“I have a titanium bracelet with germanium stones embedded in it. Is it possible to test its genuinity and purity without damaging the bracelet or the metal?”
The term “possible” covers a lot of ground. What came to my mind first was a simple mass spectrometer; part of any electron microscope. You’ll need to know somebody who works for a university or industry that has one, and is or knows a microscopist in residence. But it is a quick and simple test, if the chamber is big enough for the bracelet. Back when I worked in a radiological dating lab, I knew the right people and did such testing on meteorite and geological samples. That was around 1980.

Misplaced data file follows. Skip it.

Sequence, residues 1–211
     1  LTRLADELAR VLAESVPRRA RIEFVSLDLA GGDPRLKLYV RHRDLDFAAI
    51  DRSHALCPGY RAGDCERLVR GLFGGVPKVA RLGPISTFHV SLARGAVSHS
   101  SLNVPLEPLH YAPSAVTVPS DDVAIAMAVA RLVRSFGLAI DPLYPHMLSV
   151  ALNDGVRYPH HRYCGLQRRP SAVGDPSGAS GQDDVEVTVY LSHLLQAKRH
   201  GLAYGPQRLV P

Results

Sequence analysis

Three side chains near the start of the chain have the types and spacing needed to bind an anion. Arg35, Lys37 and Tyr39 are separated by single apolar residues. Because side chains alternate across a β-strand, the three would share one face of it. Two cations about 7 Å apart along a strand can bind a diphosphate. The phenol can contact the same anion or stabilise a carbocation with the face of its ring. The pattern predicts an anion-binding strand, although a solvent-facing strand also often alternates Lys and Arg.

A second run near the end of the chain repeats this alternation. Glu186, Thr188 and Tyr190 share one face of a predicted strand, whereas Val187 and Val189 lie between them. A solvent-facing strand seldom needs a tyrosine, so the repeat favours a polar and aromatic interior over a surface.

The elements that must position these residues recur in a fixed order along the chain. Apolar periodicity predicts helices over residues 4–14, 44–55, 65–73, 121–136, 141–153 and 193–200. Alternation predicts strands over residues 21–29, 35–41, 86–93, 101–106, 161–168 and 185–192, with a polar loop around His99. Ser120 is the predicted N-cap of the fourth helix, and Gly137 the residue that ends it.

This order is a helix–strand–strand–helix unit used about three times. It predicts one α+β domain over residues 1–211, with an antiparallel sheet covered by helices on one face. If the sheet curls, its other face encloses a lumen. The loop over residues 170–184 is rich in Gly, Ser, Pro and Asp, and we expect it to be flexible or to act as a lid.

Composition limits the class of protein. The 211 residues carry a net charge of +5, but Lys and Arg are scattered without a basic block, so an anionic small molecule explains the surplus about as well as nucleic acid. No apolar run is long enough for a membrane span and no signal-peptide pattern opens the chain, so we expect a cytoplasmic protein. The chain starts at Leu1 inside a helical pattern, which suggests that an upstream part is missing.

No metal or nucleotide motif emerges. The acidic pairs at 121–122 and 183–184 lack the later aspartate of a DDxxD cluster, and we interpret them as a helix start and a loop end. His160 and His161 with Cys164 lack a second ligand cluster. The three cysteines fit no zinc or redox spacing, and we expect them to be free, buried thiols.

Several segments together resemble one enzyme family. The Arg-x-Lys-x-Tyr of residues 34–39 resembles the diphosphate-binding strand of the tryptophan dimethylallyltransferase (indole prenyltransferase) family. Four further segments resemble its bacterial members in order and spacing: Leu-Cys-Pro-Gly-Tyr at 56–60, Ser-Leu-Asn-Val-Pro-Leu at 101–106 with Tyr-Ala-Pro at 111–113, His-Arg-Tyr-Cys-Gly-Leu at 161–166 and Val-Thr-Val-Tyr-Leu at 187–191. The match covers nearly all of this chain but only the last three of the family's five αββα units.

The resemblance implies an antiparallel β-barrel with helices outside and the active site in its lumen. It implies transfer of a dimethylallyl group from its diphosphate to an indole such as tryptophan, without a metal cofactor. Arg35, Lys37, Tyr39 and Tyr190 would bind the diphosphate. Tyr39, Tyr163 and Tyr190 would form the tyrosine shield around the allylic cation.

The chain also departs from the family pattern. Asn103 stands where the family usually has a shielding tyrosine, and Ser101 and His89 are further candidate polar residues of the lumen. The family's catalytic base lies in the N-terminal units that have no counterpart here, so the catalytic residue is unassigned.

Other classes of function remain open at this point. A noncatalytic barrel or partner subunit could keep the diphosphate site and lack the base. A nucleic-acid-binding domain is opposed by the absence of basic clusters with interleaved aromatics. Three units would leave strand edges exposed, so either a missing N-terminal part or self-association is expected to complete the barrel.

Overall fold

Laser spectrography also can do the job. There are hand held devices that can tell you the exact content of the metal and stones without visibly damaging them. But you still need to know someone with the tool. Here’s an article about how that works at HowStuffWorks.com
In brief, both mass-spec and laser-spec ionize surface atoms (chase away their electrons) and as the atoms relax and recover their charges, they give off a fingerprint of colors. Every element has it’s own distinct spectrum. So these gadgets count how many atoms of each element the beam (electron or laser) stimulates, letting one know exactly what proportions are there.
I’ve already listed simpler tests in my post: How to tell if a piece of metal is really titanium, but many of those would leave bigger marks on the piece.